“The small rise of just 0.3 percent in 2011 (compared to 2010) marks the end of a run of continuous increases in military spending between 1998 and 2010, including an annual average increase of 4.5 percent between 2001 and 2009,” according to figures released by the independent think tank.
“Six of the world’s top military spenders – Brazil, France, Germany, India, the United Kingdom and the United States – made cuts in their military budgets in 2011, in most cases as part of attempts to reduce budget deficits.
“Meanwhile other states, notably China and Russia, increased their military spending markedly,” the report said.
“The after-effects of the global economic crisis, especially deficit-reduction measures in the USA and Europe, have finally brought the decade-long rise in military spending to a halt – at least for now,” commented Sam Perlo-Freeman, head of the SIPRI Military Expenditure Project.
Budgetary pressures in the United States and Europe led to austerity cuts.
“Military expenditure by the USA, the world’s top military spender, fell by 1.2 percent in real terms (or $8.7 billion in 2010 prices).
“This is partly the result of the long delay by the US Congress in agreeing a budget for fiscal year 2011, as the Obama Administration clashed with Republicans over how to reduce the US budget deficit.”
Western Europe’s three top spenders – France, Germany and Britain – “have begun to reduce spending as part of austerity measures imposed to reduce budget deficits.
It said “France’s military budget has fallen 4 percent since 2008, and while reductions over the same period in Germany (1.4 percent) and the UK (0.6 percent) have been more modest, both states plan further cuts in the coming years.”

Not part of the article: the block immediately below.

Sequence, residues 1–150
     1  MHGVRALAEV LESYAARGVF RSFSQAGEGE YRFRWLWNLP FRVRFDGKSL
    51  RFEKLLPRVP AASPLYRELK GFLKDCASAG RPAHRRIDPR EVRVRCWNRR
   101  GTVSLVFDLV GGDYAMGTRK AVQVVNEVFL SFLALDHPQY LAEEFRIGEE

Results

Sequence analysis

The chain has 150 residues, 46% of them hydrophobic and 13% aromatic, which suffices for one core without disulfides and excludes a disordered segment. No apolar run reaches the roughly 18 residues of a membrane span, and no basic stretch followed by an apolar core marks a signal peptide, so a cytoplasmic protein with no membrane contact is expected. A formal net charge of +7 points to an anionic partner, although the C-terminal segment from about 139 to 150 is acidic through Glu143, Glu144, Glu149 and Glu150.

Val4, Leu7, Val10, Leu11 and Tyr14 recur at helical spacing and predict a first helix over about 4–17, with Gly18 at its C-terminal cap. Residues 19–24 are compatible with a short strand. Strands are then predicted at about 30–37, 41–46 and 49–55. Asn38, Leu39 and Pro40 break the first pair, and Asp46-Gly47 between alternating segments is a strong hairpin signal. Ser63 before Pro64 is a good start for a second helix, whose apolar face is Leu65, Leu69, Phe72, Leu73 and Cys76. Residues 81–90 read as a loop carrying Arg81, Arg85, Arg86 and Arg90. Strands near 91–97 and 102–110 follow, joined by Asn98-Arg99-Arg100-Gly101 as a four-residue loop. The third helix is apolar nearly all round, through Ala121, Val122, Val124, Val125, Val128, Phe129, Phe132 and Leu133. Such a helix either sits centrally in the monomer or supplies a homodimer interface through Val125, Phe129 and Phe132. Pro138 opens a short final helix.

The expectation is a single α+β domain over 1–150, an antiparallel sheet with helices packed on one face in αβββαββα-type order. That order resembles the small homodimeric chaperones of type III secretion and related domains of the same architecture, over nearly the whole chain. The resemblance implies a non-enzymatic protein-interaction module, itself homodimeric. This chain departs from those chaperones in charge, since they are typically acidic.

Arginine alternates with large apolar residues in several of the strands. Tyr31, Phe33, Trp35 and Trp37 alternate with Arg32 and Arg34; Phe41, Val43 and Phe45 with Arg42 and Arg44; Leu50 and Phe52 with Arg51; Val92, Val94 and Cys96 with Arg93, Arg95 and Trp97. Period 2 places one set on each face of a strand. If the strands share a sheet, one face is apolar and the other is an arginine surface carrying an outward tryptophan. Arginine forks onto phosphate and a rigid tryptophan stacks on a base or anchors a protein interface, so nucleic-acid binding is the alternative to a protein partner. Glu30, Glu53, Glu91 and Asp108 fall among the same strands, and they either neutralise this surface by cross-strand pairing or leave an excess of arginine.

Far larger cuts have been made in Greece, Spain, Italy and Ireland “as a result of their sovereign debt crises, and most central European countries have also made severe cuts”.
SIPRI said “Russia, in contrast, increased its military spending by 9.3 percent in 2011, reaching a total of $71.9 billion, which now makes the country the third largest military spender worldwide, overtaking the UK and France”.
“Further increases in military spending are planned, notably in equipment, research and development (R&D) and support for the arms and military services industry over the period 2011-20, with plans to replace the majority of Russia’s mostly Soviet-era military equipment with modern weaponry by 2020.”
The Middle East is the only region where a clear increasing pattern was discernible for most countries, although the lack of data for key players such as Iran and the United Arab Emirates makes the regional total highly uncertain.
Military expenditure in Asia and Oceania rose by 2.4 percent, due mostly to a 6.7 percent ($8.2 billion) increase by China, said the report.
India’s military budget fell by 3.9 percent, or $1.9 billion, in real terms, with high inflation cancelling out a nominal increase.
Established in 1966, SIPRI provides data, analysis and recommendations, based on open sources, to policymakers, researchers, media and the interested public.